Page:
If your azalea's turn yellow one ounce of iron sulphate in two gallon of water sprinkled over the plant will do the trick. Water your plants well before freezing weather sets in, put on a thick layer of oak leaves or peat moss and that is all there is to it.
        I would like to make a report on the Glen Dale azaleas. Having tried about a hundred varieties I find that the young plants are subject to bark rupture in some of the varieties and others die roots and all much like young plants of indicum or R. mucronatum. Plants four years old seem to stand our winters but I doubt if they will grow good in the Pacific Northwest. However, they are worth a try and are good bloomers. For myself, I would rather grow Mr. Gables azaleas as they are evergreen the year round and very hardy. He has developed some wonderful plants. I also have a nice collection of Ghent hybrid azaleas which grow and flower well. R. molle and the hybrid do not grow well as they seem to die back. This location is fairly well suited for the growing of rhododendrons. The temperature does drop to 10 but has never hit zero but once that I can remember. The trouble here is to find the plants you want, the ones I have were collected from almost everywhere. I am still trying to find some blooming size plants of R. fortunei, discolor, ciliatum and yunnanense but without results, and I am looking forward to the day when some of the new hybrids will be available to the east coast section.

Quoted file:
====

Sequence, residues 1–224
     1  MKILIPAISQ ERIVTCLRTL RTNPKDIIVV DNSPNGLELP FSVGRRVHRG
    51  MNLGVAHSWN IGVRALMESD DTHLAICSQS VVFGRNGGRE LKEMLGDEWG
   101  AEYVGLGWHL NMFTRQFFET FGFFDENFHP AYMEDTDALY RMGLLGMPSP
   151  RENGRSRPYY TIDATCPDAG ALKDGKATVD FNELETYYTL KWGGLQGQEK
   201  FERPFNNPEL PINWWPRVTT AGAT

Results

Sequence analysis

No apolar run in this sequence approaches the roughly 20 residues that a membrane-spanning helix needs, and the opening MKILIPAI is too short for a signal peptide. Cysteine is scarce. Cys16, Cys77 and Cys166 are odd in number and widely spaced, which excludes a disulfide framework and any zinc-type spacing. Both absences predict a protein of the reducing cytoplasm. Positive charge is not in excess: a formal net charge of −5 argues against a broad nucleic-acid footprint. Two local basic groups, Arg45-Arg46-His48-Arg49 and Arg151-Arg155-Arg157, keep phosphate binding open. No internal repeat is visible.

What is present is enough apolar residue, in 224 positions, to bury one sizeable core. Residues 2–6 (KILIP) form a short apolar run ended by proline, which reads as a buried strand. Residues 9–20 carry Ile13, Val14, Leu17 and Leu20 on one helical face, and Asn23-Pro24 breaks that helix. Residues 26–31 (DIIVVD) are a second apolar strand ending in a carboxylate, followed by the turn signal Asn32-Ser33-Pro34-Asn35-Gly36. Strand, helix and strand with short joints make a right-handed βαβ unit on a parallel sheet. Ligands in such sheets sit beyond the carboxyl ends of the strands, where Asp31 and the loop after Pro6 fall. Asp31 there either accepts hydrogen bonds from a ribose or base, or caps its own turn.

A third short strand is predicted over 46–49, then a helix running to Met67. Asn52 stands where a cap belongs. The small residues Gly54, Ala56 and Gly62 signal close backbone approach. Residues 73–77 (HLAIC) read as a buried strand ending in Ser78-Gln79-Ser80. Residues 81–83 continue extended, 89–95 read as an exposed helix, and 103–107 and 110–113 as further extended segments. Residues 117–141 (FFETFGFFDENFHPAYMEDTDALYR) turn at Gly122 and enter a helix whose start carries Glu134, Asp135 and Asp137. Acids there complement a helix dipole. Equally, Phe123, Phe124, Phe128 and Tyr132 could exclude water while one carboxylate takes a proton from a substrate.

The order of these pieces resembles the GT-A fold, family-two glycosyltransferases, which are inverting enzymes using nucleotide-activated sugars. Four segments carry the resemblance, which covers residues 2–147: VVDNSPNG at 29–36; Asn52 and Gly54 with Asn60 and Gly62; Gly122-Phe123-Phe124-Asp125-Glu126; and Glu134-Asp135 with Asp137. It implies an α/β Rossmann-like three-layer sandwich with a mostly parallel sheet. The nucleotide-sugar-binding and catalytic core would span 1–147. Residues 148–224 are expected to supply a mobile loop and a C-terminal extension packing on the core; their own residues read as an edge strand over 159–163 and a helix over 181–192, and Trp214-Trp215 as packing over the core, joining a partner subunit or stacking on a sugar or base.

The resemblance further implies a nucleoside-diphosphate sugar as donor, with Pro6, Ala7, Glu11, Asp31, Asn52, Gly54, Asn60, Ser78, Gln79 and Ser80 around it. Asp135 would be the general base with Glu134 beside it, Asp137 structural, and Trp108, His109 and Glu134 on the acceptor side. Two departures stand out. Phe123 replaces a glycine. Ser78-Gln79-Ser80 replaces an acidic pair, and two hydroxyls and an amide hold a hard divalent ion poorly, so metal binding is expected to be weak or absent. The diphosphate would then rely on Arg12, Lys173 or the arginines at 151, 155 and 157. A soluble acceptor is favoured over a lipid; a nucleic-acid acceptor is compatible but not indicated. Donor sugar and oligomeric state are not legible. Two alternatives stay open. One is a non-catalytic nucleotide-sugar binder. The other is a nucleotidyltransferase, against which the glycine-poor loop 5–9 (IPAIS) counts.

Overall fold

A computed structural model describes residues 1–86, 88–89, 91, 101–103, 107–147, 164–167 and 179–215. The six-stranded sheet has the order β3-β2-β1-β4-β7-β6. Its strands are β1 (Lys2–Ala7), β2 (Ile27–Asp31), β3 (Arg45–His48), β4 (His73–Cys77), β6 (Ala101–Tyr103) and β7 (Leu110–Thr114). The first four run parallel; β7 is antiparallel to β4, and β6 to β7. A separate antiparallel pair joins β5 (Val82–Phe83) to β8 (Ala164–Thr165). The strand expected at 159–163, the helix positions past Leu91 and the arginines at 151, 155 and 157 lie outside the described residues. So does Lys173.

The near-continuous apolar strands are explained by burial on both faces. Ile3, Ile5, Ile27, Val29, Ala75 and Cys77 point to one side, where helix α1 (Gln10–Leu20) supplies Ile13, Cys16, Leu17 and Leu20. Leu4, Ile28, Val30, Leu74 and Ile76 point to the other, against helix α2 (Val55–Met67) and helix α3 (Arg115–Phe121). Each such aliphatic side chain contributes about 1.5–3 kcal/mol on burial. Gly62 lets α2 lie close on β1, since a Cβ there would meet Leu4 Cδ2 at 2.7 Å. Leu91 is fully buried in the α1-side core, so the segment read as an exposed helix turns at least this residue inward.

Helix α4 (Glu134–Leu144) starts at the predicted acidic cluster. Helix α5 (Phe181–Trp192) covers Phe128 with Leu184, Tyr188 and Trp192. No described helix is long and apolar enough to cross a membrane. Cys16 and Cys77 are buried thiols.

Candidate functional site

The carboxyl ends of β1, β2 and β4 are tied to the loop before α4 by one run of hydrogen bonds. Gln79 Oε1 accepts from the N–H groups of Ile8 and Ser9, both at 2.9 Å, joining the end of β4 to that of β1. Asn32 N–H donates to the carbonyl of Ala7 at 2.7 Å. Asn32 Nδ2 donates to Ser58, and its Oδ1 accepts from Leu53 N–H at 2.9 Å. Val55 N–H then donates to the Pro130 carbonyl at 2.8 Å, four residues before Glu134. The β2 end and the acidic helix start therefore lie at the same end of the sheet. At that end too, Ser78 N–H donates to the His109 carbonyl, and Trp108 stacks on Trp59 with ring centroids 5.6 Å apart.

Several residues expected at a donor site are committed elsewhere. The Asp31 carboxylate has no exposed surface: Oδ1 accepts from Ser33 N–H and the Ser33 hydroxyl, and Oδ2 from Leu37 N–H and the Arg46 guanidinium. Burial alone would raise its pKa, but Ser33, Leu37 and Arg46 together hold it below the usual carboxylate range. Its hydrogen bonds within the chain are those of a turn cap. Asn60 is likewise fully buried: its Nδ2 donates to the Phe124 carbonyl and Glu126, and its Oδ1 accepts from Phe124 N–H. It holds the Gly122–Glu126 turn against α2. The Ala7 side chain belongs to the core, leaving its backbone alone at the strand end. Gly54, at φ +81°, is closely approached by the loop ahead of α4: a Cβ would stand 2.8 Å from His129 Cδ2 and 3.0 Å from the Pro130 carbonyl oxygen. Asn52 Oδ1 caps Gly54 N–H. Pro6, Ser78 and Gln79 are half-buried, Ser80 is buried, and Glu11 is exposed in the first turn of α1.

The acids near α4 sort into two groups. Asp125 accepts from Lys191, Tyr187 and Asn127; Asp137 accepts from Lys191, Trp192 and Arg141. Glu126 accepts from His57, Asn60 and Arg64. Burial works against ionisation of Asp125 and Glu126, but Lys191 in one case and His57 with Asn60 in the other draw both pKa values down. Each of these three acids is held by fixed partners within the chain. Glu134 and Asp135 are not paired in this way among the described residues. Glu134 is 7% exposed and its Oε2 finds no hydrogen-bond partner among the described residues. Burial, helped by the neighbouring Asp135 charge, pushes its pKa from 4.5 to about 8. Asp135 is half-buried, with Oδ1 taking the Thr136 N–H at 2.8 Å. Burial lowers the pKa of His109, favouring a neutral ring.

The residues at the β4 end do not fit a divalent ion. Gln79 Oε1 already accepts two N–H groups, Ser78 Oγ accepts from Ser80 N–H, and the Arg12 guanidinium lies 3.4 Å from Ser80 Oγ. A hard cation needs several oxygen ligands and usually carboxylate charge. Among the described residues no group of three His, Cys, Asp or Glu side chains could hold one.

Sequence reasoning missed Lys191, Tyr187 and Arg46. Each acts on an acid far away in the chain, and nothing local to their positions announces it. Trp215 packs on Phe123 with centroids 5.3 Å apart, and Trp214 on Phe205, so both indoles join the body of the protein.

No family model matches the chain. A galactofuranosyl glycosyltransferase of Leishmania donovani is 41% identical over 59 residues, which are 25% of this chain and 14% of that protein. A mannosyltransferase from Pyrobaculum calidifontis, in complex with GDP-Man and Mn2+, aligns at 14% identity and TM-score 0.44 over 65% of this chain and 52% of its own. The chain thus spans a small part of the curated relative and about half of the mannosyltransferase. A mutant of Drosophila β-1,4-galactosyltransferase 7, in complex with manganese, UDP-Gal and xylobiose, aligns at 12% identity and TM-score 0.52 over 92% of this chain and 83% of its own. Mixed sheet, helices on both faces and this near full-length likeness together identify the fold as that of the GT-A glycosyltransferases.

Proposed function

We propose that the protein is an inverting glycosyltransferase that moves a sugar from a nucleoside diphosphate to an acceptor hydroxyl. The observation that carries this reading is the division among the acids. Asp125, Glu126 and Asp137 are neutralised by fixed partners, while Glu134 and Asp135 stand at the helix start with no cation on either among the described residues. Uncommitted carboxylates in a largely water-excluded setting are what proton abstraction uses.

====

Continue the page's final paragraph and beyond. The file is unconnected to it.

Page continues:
The first rhododendron to bloom here is R. mucronulatum, blooming about the middle of March, followed by R. schlippenbachii, and by the second week in April R. carolinianum is blooming. This year all the hybrids are about ten days ahead of the usual flowering date. Some years ago some seed of R. carolinianum came up and out of these plants one is unusual. The flower is about the color of the Kurume azalea 'Daybreak', but more trumpet shaped than R. carolinianum and have red dots on the upper petal. The leaves and growth also are different and it is most striking in appearance among the dark green leaves. I also have some young plants of a cross between azalea 'Hindodegiri' and 'Amoena' - these will bloom next year.